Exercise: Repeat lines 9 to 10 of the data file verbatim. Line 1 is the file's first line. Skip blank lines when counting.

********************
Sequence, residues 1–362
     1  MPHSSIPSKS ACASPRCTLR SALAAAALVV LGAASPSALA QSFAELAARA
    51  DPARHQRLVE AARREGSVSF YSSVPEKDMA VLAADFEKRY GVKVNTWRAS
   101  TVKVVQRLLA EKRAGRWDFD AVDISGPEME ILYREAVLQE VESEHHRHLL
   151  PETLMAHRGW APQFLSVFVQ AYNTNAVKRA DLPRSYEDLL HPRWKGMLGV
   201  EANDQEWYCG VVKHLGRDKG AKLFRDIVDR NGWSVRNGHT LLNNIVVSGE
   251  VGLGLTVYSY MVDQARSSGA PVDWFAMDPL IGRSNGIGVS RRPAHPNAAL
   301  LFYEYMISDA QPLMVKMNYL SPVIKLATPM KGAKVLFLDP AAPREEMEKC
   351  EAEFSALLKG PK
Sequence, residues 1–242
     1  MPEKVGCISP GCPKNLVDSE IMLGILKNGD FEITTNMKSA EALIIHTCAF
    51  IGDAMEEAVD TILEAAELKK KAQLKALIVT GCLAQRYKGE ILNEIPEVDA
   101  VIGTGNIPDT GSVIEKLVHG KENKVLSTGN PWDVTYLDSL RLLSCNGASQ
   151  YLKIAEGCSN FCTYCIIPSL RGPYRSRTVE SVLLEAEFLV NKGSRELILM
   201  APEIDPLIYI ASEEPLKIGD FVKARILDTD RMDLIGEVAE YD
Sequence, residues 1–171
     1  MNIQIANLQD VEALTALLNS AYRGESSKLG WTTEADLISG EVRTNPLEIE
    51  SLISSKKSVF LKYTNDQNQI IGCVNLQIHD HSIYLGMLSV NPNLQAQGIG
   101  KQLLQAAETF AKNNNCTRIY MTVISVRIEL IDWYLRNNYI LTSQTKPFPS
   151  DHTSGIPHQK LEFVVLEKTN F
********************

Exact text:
   351  EAEFSALLKG PK
Sequence, residues 1–242